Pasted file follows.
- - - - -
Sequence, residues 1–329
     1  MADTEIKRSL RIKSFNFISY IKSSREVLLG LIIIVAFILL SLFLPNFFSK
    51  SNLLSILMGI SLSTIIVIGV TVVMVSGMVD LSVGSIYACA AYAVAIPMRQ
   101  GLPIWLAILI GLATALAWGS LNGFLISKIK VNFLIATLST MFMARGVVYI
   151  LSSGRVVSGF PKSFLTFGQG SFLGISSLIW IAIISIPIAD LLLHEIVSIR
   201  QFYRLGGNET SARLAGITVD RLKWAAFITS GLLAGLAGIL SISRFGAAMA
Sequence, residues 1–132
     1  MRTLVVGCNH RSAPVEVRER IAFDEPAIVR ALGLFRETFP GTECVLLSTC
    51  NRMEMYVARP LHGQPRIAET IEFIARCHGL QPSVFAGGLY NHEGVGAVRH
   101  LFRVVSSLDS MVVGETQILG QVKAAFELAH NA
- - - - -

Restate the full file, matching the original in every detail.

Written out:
Sequence, residues 1–329
     1  MADTEIKRSL RIKSFNFISY IKSSREVLLG LIIIVAFILL SLFLPNFFSK
    51  SNLLSILMGI SLSTIIVIGV TVVMVSGMVD LSVGSIYACA AYAVAIPMRQ
   101  GLPIWLAILI GLATALAWGS LNGFLISKIK VNFLIATLST MFMARGVVYI
   151  LSSGRVVSGF PKSFLTFGQG SFLGISSLIW IAIISIPIAD LLLHEIVSIR
   201  QFYRLGGNET SARLAGITVD RLKWAAFITS GLLAGLAGIL SISRFGAAMA
Sequence, residues 1–132
     1  MRTLVVGCNH RSAPVEVRER IAFDEPAIVR ALGLFRETFP GTECVLLSTC
    51  NRMEMYVARP LHGQPRIAET IEFIARCHGL QPSVFAGGLY NHEGVGAVRH
   101  LFRVVSSLDS MVVGETQILG QVKAAFELAH NA